March 18, 2021
Showstoppers Class, Photo by Erika Kapin
After a year of being cooped up inside, unable to see their friends, and more connected to screens than ever, the world of theater offers a welcome reprieve for kids.
Greenwich House is launching new performing arts programs to help give children that opportunity, just when they need it most. “It’s perfect timing for a young person to take a theater class,” says Nicole Kontolefa, our new Theater Coordinator who’s helping to bring programming for thespians of all ages to Greenwich House. “It’s a safe space to step into being their own person after spending a year only with their families, to be around other people their age and move and bring their imaginations to life.”
Nicole — who got her start in theater by taking classes at fellow settlement house Henry Street —works in applied theater and knows full well the power it can have for personal growth and affecting change. She uses theater to help the incarcerated and older adults, and to fight for social justice, but those same benefits can be found in any acting class. “Taking theater classes as a kid helped me learn how to be human,” Nicole says.
Stephen Michael Rondel, who will be teaching two of our new classes, agrees. “Dramatic and imaginative play is a powerful tool. It prospers creativity, self-awareness, social skills, teamwork, confidence, and trust.”
Skills For Theater, Skills For Life
Embodying stories helps with empathy as you step into other people’s perspectives and experiences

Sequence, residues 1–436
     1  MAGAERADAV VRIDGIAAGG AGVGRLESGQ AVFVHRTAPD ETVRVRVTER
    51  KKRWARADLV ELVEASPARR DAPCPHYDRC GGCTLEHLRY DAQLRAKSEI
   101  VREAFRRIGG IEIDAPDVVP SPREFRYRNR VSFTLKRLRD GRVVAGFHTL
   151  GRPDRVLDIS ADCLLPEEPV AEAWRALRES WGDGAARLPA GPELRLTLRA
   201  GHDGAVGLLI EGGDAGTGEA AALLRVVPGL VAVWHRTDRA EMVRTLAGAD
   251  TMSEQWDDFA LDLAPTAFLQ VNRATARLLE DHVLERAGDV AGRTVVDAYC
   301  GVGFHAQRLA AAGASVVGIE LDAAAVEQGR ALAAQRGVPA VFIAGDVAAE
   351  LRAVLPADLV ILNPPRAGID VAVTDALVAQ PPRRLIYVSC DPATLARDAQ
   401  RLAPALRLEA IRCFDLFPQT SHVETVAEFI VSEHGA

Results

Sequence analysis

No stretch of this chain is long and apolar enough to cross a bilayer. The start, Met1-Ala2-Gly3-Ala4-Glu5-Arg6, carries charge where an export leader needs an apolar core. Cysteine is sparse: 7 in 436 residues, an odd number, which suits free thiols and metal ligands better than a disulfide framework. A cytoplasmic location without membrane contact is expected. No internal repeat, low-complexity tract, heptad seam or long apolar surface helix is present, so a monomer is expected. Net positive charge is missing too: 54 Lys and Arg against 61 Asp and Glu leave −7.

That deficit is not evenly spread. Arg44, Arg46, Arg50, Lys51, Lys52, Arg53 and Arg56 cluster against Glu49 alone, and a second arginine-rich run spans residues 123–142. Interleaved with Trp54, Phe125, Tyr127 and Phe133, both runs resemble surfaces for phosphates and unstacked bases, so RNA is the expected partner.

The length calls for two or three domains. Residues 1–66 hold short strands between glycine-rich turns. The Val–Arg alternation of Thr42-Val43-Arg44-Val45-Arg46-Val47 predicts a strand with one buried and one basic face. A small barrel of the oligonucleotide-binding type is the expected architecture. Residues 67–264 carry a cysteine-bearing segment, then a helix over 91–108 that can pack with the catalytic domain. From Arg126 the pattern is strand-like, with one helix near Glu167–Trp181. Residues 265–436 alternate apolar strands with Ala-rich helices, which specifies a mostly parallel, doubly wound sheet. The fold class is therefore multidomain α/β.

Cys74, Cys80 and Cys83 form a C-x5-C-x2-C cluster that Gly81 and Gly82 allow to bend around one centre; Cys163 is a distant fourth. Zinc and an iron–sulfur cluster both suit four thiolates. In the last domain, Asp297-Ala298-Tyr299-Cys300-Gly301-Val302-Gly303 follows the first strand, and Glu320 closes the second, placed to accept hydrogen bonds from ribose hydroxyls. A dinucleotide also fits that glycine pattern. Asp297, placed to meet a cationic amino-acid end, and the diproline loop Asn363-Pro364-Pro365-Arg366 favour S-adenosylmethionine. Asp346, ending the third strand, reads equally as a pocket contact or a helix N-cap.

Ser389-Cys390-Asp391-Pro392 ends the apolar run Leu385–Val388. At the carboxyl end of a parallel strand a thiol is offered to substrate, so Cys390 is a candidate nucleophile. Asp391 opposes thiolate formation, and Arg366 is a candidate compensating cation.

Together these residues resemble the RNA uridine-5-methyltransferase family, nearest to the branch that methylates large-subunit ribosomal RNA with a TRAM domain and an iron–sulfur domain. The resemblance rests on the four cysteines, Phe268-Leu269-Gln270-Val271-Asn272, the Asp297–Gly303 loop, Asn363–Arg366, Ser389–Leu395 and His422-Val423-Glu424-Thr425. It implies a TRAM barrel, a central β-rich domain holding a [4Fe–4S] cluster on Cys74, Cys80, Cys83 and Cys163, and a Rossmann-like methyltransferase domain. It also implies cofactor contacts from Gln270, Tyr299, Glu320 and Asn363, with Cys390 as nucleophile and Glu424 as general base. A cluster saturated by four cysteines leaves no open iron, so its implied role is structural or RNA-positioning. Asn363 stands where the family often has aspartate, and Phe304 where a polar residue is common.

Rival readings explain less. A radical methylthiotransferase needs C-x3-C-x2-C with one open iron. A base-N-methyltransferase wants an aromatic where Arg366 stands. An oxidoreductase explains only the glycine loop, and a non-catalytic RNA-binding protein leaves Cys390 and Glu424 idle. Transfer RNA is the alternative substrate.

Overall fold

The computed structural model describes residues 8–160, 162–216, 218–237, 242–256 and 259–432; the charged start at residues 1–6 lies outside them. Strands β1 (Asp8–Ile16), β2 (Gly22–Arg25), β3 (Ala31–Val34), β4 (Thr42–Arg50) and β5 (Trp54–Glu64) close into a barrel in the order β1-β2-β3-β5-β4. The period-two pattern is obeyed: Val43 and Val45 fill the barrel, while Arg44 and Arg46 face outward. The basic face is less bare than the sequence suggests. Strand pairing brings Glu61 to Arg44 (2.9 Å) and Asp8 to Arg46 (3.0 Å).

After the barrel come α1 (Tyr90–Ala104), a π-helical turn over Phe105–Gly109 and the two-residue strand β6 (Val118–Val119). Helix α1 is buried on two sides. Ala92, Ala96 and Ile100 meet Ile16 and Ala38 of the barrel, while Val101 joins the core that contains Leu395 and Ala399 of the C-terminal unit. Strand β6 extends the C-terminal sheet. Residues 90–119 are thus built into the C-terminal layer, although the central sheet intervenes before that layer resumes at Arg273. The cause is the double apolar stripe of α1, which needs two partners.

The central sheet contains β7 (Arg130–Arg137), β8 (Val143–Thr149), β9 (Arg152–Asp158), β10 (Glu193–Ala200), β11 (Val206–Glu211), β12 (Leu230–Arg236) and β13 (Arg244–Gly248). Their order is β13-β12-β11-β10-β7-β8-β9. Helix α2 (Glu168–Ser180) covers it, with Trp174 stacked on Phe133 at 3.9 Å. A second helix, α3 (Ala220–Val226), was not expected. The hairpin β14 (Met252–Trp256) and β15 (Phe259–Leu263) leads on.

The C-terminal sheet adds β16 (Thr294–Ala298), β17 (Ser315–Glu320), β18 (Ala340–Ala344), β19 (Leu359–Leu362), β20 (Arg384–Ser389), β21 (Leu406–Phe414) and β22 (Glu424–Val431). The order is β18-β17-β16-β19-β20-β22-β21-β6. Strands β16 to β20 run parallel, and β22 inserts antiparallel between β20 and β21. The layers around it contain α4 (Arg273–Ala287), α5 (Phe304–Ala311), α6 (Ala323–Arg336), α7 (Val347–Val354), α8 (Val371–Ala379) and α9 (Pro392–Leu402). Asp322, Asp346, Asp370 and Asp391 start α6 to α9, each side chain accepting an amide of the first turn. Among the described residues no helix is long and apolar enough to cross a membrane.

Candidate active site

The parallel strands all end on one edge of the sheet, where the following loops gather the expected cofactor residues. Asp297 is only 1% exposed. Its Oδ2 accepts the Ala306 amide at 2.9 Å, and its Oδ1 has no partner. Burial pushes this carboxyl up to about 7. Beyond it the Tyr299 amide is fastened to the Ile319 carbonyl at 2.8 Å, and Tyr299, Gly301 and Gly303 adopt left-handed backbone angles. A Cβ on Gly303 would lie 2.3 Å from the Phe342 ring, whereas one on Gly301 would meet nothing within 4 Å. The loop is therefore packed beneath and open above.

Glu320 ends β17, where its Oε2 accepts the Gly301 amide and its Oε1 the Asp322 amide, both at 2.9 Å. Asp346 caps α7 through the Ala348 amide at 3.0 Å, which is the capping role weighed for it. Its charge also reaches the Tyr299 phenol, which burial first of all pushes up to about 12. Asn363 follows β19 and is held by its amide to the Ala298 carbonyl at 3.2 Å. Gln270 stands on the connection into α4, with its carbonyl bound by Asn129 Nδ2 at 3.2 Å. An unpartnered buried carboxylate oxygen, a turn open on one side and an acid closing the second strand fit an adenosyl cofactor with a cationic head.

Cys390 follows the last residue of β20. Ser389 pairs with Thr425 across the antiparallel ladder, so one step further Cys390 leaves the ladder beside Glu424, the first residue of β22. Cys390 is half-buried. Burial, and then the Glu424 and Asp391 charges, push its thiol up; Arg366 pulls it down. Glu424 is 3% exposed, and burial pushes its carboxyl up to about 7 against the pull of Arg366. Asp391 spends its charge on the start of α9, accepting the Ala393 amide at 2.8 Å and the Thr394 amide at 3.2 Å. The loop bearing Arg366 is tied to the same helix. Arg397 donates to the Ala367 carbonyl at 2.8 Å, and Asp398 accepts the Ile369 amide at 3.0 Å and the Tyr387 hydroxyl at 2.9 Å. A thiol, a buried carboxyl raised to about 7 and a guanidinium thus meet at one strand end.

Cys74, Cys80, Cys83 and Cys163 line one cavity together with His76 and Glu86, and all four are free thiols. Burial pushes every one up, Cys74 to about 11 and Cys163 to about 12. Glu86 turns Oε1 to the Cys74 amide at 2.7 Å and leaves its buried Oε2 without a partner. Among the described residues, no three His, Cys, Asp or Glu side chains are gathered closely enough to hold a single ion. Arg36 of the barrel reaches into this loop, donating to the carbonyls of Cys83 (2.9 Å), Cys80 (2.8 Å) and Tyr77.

You’re given space to examine and engage with your feelings and experiences when telling your own story
Performance takes bravery, and you develop courage as you practice performing in a supportive environment
Theater is all about teamwork and cooperation; you’re creating something as part of a group, and relying on each other to be successful
Supporting each other is integral to improvisation; you’re encouraged to build on each other’s contributions and help your teammates out when they’re feeling stuck
Active listening and concentration is needed to engage with the rest of the group; improv teachers are invited to do workshops in corporate environments to share this ability to connect with people
“The space in a theater class is so different from how kids normally have to live their lives,” says Nicole. “They’re very regimented, and told to sit still, and be quiet, and not given a lot of opportunity to think about their feelings and how they relate to people.”
Not to mention, it’s fun! Playfulness, silliness, and running around are all part of the experience and gives kids the chance to escape. The theater is the perfect antidote to the life kids have been leading during the pandemic.
To kick off our performing arts youth programming, Greenwich House Music School and the Youth Community Center are collaboratively offering three new classes: Showstoppers (for ages 8-11), Young Actors Workshop (ages 5-7), and Comedy/Improv (ages 8-11). Participants will learn about performance, acting, movement, dance, singing, and improvisation in Greenwich House Theater, an off-Broadway performance space that’s home to Ars Nova productions.